Workload integration

One major variable in the “What is multicloud” question is the extent to which workloads that are spread across multiple clouds are integrated with each other.

You could consider multicloud to include a strategy where a business runs one application in one cloud (like AWS) and runs an entirely separate application on another (like Azure). In this case, the business would certainly be using multiple clouds.

But, because those clouds would not be integrated with each other in any specific way, you could argue that they don’t really constitute a multicloud architecture. They are just two completely separate clouds that happen to be used by the same business.

If you take the latter view, you might define multicloud in a way that requires some level of integration between workloads. You might argue that an application that is hosted on one cloud, but ingests data that is hosted on another cloud, counts as a multicloud architecture because in this case the multiple clouds are actually connected in a direct way.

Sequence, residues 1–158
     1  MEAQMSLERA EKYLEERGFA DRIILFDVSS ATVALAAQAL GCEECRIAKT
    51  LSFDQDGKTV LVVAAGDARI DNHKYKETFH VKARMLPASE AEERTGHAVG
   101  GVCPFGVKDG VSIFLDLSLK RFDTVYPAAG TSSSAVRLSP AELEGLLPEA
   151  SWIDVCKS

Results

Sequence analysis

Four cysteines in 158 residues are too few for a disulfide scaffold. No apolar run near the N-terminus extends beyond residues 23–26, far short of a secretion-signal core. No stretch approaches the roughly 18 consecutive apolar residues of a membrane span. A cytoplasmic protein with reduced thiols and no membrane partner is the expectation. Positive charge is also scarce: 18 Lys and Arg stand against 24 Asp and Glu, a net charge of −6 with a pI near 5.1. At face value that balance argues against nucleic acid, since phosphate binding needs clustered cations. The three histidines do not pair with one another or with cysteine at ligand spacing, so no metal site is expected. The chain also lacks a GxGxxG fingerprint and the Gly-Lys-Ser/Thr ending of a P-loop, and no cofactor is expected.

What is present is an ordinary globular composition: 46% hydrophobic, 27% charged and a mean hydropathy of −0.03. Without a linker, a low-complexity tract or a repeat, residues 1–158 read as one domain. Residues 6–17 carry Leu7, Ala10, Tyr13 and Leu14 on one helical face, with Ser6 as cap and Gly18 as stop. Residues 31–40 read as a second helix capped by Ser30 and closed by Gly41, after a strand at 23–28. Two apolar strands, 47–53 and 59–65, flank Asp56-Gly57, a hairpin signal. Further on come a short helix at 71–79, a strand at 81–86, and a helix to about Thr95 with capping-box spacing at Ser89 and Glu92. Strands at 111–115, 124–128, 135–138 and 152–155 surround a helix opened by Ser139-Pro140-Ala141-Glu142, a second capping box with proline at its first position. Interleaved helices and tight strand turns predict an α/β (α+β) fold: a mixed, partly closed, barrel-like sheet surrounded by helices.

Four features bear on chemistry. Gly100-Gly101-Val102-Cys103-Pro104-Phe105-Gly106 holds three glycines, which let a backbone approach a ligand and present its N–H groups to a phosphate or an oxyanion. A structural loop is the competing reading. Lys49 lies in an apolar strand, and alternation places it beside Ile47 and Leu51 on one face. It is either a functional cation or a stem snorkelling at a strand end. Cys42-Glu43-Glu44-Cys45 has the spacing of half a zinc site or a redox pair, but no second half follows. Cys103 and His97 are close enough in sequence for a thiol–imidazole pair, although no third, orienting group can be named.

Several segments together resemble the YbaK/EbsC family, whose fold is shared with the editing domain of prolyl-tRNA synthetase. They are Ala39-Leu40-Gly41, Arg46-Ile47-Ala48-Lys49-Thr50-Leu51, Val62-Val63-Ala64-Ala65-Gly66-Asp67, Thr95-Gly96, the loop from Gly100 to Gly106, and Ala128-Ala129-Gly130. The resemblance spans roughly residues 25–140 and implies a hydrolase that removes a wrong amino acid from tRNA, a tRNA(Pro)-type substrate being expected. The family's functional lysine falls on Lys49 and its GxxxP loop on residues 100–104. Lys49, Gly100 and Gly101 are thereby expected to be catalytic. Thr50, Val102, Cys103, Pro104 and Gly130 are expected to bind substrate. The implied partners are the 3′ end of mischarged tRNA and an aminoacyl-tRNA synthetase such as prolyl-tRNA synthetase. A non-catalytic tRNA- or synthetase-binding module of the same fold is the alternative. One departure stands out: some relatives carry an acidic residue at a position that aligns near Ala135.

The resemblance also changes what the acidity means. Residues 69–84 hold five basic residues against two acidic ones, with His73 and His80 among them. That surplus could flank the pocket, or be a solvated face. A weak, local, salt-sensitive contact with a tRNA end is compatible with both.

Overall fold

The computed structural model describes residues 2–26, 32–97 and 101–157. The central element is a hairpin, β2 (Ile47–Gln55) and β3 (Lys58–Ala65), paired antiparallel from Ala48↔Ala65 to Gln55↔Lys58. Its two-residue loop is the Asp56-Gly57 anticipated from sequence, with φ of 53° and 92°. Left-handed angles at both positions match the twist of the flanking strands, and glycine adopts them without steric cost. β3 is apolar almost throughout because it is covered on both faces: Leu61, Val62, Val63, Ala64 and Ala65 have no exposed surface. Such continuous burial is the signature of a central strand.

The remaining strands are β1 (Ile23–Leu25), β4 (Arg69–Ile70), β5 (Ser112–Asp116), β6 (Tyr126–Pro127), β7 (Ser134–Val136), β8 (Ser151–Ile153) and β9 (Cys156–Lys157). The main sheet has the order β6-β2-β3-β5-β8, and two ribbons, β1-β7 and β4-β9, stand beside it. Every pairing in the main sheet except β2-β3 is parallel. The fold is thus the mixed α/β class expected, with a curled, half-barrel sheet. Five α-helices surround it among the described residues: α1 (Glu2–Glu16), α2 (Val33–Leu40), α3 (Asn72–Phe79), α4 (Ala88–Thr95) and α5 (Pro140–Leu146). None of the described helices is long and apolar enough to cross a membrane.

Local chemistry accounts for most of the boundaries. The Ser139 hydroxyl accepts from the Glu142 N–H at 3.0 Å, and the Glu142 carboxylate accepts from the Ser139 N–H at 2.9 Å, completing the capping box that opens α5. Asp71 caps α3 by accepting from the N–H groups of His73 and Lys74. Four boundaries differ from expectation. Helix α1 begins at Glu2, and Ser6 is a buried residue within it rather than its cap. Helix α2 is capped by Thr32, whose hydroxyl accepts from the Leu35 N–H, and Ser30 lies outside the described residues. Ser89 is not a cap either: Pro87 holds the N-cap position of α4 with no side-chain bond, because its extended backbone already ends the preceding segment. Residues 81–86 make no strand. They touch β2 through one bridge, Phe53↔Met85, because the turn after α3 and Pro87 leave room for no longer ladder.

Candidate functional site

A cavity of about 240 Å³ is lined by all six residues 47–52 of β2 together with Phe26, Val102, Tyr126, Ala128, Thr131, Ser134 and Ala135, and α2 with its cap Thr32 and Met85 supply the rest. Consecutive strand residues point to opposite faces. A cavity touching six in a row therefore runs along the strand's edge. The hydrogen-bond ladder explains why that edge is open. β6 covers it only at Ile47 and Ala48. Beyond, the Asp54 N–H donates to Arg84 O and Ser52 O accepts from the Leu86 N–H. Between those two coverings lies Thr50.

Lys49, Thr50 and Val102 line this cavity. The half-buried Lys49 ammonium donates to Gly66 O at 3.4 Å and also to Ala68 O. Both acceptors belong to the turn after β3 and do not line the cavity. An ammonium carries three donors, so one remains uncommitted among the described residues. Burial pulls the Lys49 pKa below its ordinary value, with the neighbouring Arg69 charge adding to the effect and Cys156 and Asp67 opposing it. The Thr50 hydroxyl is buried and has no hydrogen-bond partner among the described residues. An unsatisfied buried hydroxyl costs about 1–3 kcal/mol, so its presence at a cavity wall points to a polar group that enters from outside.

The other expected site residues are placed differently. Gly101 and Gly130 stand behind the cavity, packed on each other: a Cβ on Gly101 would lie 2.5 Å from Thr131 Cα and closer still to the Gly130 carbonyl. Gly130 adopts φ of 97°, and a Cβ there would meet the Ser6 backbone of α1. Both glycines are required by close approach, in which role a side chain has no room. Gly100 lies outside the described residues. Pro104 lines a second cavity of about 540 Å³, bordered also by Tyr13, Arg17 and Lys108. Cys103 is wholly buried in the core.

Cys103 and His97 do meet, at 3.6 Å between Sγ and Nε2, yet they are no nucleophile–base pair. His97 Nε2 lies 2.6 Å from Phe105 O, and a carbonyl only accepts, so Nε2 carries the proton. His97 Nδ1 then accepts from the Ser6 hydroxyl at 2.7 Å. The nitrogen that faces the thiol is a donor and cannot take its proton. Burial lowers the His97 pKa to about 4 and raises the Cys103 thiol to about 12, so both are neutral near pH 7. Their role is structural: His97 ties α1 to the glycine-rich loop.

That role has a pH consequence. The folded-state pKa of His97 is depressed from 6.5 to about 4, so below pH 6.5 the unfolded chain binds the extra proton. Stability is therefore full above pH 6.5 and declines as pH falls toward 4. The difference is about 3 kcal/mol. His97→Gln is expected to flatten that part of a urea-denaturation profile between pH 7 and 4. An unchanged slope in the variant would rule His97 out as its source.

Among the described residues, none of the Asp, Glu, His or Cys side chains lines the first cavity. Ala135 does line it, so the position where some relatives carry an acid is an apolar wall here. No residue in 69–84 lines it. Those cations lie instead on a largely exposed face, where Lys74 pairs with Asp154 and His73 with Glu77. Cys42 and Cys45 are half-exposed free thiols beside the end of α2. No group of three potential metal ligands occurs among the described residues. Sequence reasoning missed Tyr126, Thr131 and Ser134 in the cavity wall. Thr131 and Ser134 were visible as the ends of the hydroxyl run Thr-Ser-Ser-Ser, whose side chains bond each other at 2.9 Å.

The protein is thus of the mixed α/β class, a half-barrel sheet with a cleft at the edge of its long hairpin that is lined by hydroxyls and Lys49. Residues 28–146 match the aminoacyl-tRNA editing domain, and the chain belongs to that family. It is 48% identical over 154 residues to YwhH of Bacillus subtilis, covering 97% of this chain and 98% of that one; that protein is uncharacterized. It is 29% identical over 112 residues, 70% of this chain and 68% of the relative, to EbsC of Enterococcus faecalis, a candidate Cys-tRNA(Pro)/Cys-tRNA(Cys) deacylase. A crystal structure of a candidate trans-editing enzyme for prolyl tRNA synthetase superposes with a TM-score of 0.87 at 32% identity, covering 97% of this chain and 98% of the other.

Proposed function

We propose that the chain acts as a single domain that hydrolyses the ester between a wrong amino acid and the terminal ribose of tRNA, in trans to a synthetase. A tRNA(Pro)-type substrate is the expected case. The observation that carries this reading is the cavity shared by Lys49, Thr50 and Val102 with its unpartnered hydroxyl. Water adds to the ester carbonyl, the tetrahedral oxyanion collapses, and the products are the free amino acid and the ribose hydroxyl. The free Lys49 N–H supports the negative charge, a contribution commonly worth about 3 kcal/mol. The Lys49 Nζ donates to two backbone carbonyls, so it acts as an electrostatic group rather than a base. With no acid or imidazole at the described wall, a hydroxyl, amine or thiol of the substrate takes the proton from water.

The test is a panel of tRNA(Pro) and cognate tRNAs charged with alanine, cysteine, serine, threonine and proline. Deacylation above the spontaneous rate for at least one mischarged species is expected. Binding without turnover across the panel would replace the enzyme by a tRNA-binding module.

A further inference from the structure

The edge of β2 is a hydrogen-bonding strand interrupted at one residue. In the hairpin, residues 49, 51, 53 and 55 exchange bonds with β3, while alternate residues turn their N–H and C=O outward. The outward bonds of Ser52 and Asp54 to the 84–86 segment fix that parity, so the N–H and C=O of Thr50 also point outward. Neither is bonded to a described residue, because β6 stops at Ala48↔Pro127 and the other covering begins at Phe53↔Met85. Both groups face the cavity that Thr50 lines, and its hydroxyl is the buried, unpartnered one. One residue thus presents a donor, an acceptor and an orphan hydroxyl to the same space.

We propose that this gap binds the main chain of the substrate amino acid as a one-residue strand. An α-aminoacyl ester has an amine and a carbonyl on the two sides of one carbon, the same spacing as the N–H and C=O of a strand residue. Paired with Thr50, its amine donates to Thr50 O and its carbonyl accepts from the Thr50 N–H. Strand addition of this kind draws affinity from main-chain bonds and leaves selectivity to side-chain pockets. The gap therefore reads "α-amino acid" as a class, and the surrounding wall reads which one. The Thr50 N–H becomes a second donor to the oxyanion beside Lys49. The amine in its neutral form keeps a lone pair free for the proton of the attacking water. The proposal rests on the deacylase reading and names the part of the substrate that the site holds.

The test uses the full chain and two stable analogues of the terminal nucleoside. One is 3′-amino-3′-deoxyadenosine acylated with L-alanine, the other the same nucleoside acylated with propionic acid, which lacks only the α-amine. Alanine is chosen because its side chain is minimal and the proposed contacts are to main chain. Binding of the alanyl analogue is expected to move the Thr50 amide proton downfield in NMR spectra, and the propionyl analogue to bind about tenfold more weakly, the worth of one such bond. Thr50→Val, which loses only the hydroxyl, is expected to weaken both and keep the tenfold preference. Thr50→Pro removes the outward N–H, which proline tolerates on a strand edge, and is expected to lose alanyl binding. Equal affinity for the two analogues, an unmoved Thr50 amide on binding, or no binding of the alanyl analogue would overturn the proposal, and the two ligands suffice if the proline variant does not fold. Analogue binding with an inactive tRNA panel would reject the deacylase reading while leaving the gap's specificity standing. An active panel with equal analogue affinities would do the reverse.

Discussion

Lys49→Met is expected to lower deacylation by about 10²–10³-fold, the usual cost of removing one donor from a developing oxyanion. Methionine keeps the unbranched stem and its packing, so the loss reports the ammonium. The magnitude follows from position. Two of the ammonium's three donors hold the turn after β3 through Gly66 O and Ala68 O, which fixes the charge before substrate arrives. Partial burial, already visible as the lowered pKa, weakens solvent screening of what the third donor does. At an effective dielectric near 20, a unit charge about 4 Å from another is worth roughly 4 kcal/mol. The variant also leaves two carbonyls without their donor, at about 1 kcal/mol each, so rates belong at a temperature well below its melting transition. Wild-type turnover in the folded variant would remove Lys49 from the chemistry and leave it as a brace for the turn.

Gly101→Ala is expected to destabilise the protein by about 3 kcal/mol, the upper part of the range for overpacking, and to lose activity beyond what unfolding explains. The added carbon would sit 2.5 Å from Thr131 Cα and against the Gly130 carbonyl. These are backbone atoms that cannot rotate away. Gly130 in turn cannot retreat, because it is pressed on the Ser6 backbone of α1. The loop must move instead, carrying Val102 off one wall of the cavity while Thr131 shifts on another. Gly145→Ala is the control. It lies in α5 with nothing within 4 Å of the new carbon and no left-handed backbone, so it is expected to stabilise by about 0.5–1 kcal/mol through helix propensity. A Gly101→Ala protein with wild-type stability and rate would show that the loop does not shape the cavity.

Another factor in defining multicloud is whether workloads are tied to a specific cloud platform, regardless of how many clouds are actually hosting them at any given time. You could contend that in order to count as multicloud, your architecture needs to free you from complete dependence on any single cloud.

For example, a virtual machine image that is designed in such a way that it can easily be ported among AWS, Azure, GCP or any other major cloud would qualify as an application that leverages a multicloud architecture--even if it’s only hosted on one cloud at a time. An approach like this achieves the flexibility that multicloud architectures are intended to provide. It involves the potential use of multiple clouds, albeit not necessarily at the same time.

Multicloud and private clouds

Deciding whether and how private clouds could fit within a multicloud architecture is also a thorny issue.

If, for instance, you build an OpenStack private cloud and deploy it on AWS public cloud infrastructure, you could view that as a multicloud setup because it includes multiple clouds: a private one and a public one.